What Does It Mean to Have Normal Hearing

What Does It Mean to Have Normal Hearing

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Have you noticed changes in your hearing? Maybe you’re missing a few words in conversations, or you’ve been turning up the volume on the TV. If you recently realized that you have hearing loss, you’ve started thinking a lot more about hearing. You might be wondering what it means to have “normal hearing” and if there’s a way for you to get it back.

What is “Normal” Hearing?

The volume of sound is measured in decibels (dB). Every pitch or frequency has a sound that is barely detectable, and the quietest sound you can hear is your hearing threshold.

The softest sound that an average person can hear is 0dB. This sound is nearly silent, and some people can’t hear a sound at this volume. Since each person has slightly different hearing abilities, “normal” hearing is a range of decibel levels. Normal hearing is between 0 to 20dB. If your hearing threshold is anywhere in this range, you have normal hearing. 

Can You Hear Sounds Below 0dB?

You might be surprised to learn that some people with “normal” hearing can also hear sounds below 0dB! That’s because 0 is the average softest sound someone with “normal” hearing will be able to detect. And to get an average of 0dB, some people have to hear sounds lower than 0, while others might only hear sounds at 5dB or 10dB. So a “normal” hearing range is actually from -10dB to 20dB.

Measuring Hearing

When you have a hearing test with our hearing health specialists, one of the tests you’ll do is a pure tone test. During this test, you’ll hear loud and soft tones in a number of pitches. You’ll focus carefully, and tell us when you can hear a sound, even if it’s very soft. Your results are displayed on a graph called an audiogram.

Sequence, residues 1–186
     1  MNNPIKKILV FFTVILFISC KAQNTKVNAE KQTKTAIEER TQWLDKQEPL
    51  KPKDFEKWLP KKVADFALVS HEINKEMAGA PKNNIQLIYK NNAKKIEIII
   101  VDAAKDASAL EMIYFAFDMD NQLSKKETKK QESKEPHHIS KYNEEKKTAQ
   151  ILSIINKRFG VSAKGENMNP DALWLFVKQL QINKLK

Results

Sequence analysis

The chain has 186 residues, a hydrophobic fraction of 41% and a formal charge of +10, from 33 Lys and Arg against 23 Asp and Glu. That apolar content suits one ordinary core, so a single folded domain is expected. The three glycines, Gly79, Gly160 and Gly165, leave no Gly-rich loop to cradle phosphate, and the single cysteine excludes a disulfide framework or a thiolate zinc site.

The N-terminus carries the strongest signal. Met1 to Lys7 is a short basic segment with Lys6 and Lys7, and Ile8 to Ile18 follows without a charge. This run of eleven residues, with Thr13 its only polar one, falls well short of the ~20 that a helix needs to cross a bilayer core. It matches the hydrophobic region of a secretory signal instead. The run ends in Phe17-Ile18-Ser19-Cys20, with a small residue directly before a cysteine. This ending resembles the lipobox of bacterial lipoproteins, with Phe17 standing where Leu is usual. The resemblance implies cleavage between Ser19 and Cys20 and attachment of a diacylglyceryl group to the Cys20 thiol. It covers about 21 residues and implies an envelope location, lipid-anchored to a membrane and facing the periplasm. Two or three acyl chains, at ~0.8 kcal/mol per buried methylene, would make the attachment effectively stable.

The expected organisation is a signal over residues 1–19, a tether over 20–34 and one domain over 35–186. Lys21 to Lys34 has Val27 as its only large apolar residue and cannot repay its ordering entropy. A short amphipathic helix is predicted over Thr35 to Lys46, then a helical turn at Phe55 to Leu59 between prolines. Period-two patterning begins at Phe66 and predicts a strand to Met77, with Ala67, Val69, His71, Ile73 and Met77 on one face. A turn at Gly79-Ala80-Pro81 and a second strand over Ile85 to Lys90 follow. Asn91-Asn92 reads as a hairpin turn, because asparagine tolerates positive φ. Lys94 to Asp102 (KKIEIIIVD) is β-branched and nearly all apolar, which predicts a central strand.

The audiogram shows the softest sound you can hear at each pitch. If you can hear sounds between 0 to 20dB at each pitch, you have normal hearing!

What is Hearing Loss?

When looking at your audiogram, you might see that your hearing threshold is above 20dB. You weren’t able to hear sounds that were softer than 20dB. This means you have hearing loss. The audiogram also shows you the degree of hearing loss you have:

  • You have mild hearing loss if you can’t hear sounds between 20 to 40dB.
  • You have moderate hearing loss if you can’t hear sounds between 41 to 55dB.
  • You have moderately severe hearing loss if you can’t hear sounds between 56 to 70dB.
  • You have severe hearing loss if you can’t hear sounds between 71 to 90dB.
  • You have profound hearing loss if you can’t hear sounds over 91dB.

These ranges might seem small, so let’s put that into perspective. Sounds that are 20dB include a whisper, or leaves rustling in the wind. 40dB is the quietness inside a library, or the low hum of your urban neighborhood. A conversation is around 60dB, and a food blender or garbage disposal is 80dB. Sounds over 85dB can cause hearing loss, for example your power lawnmower, a jackhammer, sirens, or even louder noises.

Do You Have Hearing Loss?

Your hearing can change before you officially have hearing loss. For example, a few years ago you may have had a hearing threshold of 10dB, but now your hearing threshold is between 15 to 20dB. You still have “normal” hearing, but you can’t hear as many sounds as before. If your hearing threshold changes from 20dB to 35dB, you’ll hear far less sound than before, and you’ll have mild hearing loss. It’s normal that our hearing threshold changes with age, so it’s important to schedule regular hearing tests and monitor your hearing health.

Treating Hearing Loss

Has your hearing threshold changed from “normal” hearing to mild hearing loss? Even a mild hearing loss makes it hard to follow conversations and stay social. You’ll get annoyed by all the sounds you can’t hear, and argue with your family about the volume of the TV. You’re also more likely to feel lonely and isolated. Treating hearing loss with quality hearing aids will help you hear clearly, lowering your hearing threshold so you can catch all the sounds around you.